Keetmanshoop – Between July and December 2016 Salini Namibia paid out over N$1 million in salaries to about 35 suspended workers.
The workers who are employed on the Neckartal dam project in the //Karas Region have been placed on suspension with full pay since July last year, after they were suspended for their involvement in an illegal strike in June last year, which was followed by a protracted disciplinary process.
Although the company’s spokesperson, Gilles Castonguay, declined to comment on how the suspension of the workers was affecting the overall progress in construction and how much the company is spending on the suspended workers, New Era with information provided by the workers, has it on good grounds that about N$227 300 goes to the 35 workers’ salaries per month, amounting to about N$1 363 000 over the six-month period.
The suspended workers include timekeepers, general workers, cleaners, operators, welders, surveyors, and carpenters, amongst others, with the lowest salary being N$3 400 and the highest N$14 000.
While the company refused to comment on the suspension, the employees New Era spoke to claimed that while the hearings were still ongoing, some workers had been replaced already.
Some workers are also of the view the company will not give them a fair hearing, saying the decision of the independent disciplinary panel is always overruled by the company and workers end up being fired, even when the panel found them not guilty.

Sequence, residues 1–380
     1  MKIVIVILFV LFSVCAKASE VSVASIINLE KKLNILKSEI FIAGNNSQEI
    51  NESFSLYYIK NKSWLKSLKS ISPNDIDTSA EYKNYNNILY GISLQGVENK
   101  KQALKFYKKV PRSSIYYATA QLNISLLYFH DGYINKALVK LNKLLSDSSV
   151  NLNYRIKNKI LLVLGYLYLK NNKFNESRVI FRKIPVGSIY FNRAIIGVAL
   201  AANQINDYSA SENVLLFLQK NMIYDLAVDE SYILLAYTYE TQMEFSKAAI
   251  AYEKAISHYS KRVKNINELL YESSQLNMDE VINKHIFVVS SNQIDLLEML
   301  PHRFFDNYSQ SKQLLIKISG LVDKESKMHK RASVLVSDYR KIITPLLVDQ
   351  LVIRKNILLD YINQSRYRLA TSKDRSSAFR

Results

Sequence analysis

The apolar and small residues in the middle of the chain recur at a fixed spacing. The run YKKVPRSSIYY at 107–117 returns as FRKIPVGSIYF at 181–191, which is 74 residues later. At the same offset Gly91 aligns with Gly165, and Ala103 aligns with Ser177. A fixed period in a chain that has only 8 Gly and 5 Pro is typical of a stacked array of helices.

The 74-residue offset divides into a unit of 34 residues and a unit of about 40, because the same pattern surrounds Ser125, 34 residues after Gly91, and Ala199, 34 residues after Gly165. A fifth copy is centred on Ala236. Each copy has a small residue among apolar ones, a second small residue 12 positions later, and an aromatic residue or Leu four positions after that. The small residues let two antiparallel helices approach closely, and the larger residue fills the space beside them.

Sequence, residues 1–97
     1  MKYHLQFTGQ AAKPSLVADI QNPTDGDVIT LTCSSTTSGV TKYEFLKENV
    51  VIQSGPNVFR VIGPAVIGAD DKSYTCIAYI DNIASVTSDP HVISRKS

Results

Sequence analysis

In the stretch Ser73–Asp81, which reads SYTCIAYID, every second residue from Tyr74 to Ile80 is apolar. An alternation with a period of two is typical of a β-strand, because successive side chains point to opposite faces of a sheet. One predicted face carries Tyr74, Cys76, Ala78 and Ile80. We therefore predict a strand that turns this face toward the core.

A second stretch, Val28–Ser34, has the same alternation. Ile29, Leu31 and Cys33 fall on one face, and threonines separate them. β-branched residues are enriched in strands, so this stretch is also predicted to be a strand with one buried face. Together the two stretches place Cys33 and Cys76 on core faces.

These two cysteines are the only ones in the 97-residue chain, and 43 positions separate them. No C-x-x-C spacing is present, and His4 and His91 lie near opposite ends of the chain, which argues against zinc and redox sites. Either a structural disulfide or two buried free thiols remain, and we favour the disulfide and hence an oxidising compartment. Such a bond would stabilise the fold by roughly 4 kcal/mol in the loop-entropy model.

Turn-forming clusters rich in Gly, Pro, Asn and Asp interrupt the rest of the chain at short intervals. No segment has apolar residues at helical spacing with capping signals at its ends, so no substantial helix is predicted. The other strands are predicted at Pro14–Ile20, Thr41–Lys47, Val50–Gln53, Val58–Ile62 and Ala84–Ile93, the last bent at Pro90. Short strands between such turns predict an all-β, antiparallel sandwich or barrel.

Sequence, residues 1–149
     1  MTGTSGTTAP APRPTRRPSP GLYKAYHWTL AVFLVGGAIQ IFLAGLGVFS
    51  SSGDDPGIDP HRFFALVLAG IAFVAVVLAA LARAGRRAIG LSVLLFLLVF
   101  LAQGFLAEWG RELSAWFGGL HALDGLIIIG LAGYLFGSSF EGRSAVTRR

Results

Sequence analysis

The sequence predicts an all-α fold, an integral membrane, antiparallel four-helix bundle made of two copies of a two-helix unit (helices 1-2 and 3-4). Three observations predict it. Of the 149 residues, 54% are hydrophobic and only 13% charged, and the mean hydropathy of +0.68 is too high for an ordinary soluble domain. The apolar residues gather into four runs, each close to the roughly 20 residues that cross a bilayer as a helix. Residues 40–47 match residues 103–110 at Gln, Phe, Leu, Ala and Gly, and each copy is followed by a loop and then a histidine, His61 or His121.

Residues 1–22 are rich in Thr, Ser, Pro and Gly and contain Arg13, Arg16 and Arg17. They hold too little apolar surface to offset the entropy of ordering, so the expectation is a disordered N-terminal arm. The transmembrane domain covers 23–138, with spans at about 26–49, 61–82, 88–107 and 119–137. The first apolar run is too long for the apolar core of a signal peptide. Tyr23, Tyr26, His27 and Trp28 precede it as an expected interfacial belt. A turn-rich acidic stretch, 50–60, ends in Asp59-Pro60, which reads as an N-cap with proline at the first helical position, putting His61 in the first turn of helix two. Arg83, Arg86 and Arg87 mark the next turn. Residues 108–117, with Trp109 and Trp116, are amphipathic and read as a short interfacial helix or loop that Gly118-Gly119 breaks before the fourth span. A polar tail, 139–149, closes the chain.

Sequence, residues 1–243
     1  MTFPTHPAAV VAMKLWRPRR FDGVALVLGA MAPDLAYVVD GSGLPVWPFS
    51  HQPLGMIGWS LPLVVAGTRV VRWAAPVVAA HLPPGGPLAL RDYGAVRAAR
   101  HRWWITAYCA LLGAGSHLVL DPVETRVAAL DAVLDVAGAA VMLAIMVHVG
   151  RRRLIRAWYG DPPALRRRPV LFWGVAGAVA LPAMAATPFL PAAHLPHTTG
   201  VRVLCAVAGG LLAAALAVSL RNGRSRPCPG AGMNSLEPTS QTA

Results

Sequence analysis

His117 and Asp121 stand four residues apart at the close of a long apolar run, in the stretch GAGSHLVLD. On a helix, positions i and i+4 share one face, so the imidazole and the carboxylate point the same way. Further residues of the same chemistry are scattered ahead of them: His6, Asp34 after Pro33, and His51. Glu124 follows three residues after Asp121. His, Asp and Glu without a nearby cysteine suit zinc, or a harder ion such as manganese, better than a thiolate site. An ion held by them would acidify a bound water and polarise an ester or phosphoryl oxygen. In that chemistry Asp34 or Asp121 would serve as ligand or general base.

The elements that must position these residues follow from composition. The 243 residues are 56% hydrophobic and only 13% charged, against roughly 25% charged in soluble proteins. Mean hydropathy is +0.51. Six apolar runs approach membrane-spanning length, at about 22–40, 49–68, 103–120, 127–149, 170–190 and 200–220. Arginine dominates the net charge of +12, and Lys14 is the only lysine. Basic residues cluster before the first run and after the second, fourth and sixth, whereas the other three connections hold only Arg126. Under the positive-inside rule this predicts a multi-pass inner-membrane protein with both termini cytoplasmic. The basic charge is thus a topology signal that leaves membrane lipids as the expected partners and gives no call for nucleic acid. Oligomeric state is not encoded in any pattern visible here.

“Workers have in the past been dismissed, even when the panel found them innocent. The company has the final say, after all,” said a worker who requested anonymity.
Some Keetmanshoop residents New Era spoke to expressed concern over the company paying workers who are not contributing to the construction of the dam.
“I’m happy that people are getting their salaries, but they would have made a difference at the project if they were working, instead of just getting paid while they are home,” opined Daniel Hidimbwa.
Johannes Kaffer – another Keetmanshoop resident – also wanted to know why the hearing was taking so long, saying in the current economic situation the company cannot afford to spend money on non-productive workers and end up not having money to pay contractors for services rendered.
“At some point last year the workers got half their salaries due to a lack of funds, so why not finalise the hearings so that the workers can go back to work, or get new workers that you pay for doing something?” he asked rhetorically.
On the progress of the project, the company’s spokesperson indicated that the dam is set to be completed by
December, with only 30 percent of the work left to do. “The dam is about 50 percent complete, while the entire project which includes the turbine room, the intake tower and other installations, is 70 percent complete,” Castonguay confirmed.